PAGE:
Keyed to Romance : Vocalist and pianist Michael Feinstein finds timelessness of old songs holds tremendous appeal for modern audiences.

SPECIAL TO THE TIMES; Libby Slate is a regular contributor to The Times.

The fact that Michael Feinstein's concert Sunday evening at the Alex Theatre will include music for Valentine's Day seems a bit redundant. After all, as he says, "I'm known for romantic music, anyway."

Indeed. Since he first gained prominence in hotels and supper clubs in the mid-1980s, many critics have credited Feinstein with reviving a romantic style of singing and piano playing via his respectful yet stylish performances of music by such classic popular composers as George and Ira Gershwin, Irving Berlin, Jerome Kern and Cole Porter. Sunday's concert continues that tradition, with some contemporary repertoire as well.

Rather than the orchestral backup he has used at other recent local appearances, his first performance at the Alex will feature Feinstein solo at the piano. "In some ways I like that better, because it gives me more freedom," he says. "There will be informal chat, and fun, heartwarming music."

Feinstein's personal reverence for the songs of the 1920s, '30s and '40s is no longer the novelty it was a decade ago. But what appeal does he feel such songs hold for the modern audience at large?

"The same thing that Beethoven holds, that Shakespeare holds, that Picasso holds," he replies readily. "Timelessness. They transcend the time in which they were created and have a universal meaning, a message that makes them last. The songs in many cases are old, but they provide cathartic experiences, certain emotional sounding boards that allow people to sort of cleanse their souls.

"The songs are becoming more popular with audiences today, because they're about simple basic human emotions," he adds. "They're not cluttered with complexity, though they are about complex things."

And even old songs can have new twists, such as the rarely performed lyrics that Feinstein, 38, delights in discovering and sharing. His 1993 recording, "Michael Feinstein Sings The Jerry Herman Songbook," for instance, contains certain of Herman's choruses for "Hello, Dolly!" that were never utilized in the stage and film musical.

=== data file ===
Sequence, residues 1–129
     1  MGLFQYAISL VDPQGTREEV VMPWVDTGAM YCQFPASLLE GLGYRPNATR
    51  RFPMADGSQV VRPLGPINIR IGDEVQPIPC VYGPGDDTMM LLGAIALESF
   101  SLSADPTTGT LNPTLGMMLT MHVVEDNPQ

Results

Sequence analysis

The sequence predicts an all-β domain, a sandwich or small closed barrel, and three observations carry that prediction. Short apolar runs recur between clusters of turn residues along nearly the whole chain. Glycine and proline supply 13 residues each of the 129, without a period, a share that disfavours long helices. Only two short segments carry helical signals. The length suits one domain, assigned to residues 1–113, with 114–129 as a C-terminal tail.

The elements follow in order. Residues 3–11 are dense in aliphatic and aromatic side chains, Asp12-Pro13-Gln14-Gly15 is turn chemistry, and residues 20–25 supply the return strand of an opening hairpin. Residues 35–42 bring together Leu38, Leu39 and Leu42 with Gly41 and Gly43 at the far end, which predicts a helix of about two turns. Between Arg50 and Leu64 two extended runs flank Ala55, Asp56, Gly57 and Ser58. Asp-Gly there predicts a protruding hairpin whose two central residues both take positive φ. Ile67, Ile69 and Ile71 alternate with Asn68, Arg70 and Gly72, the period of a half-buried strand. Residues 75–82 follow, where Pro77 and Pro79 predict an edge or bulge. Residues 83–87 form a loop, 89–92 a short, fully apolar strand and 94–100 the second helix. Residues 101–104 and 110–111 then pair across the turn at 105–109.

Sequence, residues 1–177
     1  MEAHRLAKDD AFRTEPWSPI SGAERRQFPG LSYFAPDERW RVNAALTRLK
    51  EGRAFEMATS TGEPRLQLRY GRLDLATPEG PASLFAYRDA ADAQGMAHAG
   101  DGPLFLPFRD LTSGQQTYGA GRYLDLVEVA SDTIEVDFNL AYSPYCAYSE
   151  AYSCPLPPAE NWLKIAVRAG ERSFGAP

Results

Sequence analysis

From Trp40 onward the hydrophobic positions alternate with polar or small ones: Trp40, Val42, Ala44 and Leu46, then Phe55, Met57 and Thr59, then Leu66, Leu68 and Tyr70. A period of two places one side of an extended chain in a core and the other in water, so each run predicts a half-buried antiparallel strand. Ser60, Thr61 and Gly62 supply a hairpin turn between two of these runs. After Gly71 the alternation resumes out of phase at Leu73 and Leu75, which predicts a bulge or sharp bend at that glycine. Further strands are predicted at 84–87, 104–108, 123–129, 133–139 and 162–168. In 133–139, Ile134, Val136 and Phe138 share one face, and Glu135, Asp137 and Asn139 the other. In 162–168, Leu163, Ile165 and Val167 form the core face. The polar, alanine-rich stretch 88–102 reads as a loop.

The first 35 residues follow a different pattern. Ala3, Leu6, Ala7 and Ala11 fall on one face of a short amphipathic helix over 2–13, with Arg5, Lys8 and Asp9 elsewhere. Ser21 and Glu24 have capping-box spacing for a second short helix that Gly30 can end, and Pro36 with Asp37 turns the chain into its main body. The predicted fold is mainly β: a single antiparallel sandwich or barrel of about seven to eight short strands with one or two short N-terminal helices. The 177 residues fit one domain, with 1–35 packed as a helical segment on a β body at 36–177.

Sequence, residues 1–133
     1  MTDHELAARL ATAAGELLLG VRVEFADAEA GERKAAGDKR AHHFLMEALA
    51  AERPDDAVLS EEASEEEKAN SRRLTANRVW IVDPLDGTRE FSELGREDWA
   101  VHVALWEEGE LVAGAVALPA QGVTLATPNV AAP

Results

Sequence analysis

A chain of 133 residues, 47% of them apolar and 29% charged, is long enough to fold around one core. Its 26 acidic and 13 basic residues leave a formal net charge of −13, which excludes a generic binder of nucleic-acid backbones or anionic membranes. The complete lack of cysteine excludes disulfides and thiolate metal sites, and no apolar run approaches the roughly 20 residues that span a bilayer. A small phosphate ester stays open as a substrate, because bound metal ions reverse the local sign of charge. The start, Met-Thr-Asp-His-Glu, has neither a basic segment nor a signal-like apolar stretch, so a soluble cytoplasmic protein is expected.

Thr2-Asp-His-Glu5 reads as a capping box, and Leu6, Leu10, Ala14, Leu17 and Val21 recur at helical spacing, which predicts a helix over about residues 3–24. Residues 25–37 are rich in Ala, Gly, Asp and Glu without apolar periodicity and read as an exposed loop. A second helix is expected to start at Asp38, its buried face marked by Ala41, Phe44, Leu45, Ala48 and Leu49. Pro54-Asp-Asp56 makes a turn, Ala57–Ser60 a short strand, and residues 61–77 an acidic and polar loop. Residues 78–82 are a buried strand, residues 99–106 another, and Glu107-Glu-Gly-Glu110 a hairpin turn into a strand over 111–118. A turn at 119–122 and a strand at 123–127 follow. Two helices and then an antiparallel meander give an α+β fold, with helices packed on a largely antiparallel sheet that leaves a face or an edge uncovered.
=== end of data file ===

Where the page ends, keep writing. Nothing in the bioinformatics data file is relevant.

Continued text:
"There's a bit of preservation," he says. "I love the research part, the archeology. When I sing, 'If I Only Had a Brain' (from 'The Wizard of Oz'), people say, 'Where did you get those lyrics?' And I say, 'Right there, in the sheet music.' And it's fun to do the verses of songs, because a lot of times people don't know what's coming."


Then, too, he might create fresh arrangements. "I don't have a system," he explains. "I usually just sit down at the piano and start fooling around and see where it takes me. Sometimes it's fiendish, difficult work to build an arrangement that works." He cites a well-received version of "Alexander's Ragtime Band" that he fashioned 10 years ago. "I came up with a fast section and then pulled back at the end. It took a couple of hours at the piano, which is a long time for me."

A long time, at any rate, for someone who learned to play piano by ear as a 5-year-old. Growing up in Columbus, Ohio, Feinstein was exposed early on to popular music by his parents, amateur performers both, and felt an immediate connection with it.

In 1976, at age 20, he moved west, to Canoga Park. A meeting with the widow of pianist Oscar Levant led to a 1977 introduction to lyricist Ira Gershwin. Feinstein spent years cataloguing Gershwin's musical collection, along the way meeting other famed songwriters and performing at Gershwin's parties.

After Gershwin's death in 1983, he began performing in piano bars and convalescent homes--nowadays he regularly entertains at the Jewish Home for the Aging in Reseda--and private parties. A friendship with Liza Minnelli opened Hollywood's doors, with a critically acclaimed debut at New York's Algonquin Hotel following in 1986.

One who has admired Feinstein since his Gershwin years is Rosemary Clooney, who has performed with him at the Hollywood Bowl and other stages as well as on television.

"He's a very good musician," she says. "He cares very much about the words. And he's an honest performer. If he makes a mistake, he'll be funny about it. He's very kind, too. He takes care of his friends. I had a bout of pneumonia over the holidays, and he made a point of calling me every day. My own children didn't do that!"

Besides concertizing, Feinstein has been busy composing and recording music. He provided the music for the title song of the CBS television film, "For Love Alone," tentatively scheduled to air in April, and also appears on screen. His next album, a collection of sad love songs titled "Such Sweet Sorrow," is due out March 28. He is also working on the latest in his "Songbook" series, which focuses on Hugh Martin of "Meet Me in St. Louis" fame. And a book of his reflections about songwriters, "Nice Work If You Can Get It," will be published in October by Hyperion Press.

As for his Alex Theatre concert, Feinstein has more than just entertainment on his mind. "I am involved in music for the purpose of transformation," he says. "I hope the people have a good time, but I hope they recognize the grace and the healing power of music. I hope that it will move them on a deeper level."



Who: Michael Feinstein. Location: Alex Theatre, 216 N. Brand Blvd., Glendale. Hours: 7 p.m. Sunday. Price: $28 to $45. Call: Alex box office at (818) 243-2539 or Tele-Charge at (800) 233-3123.

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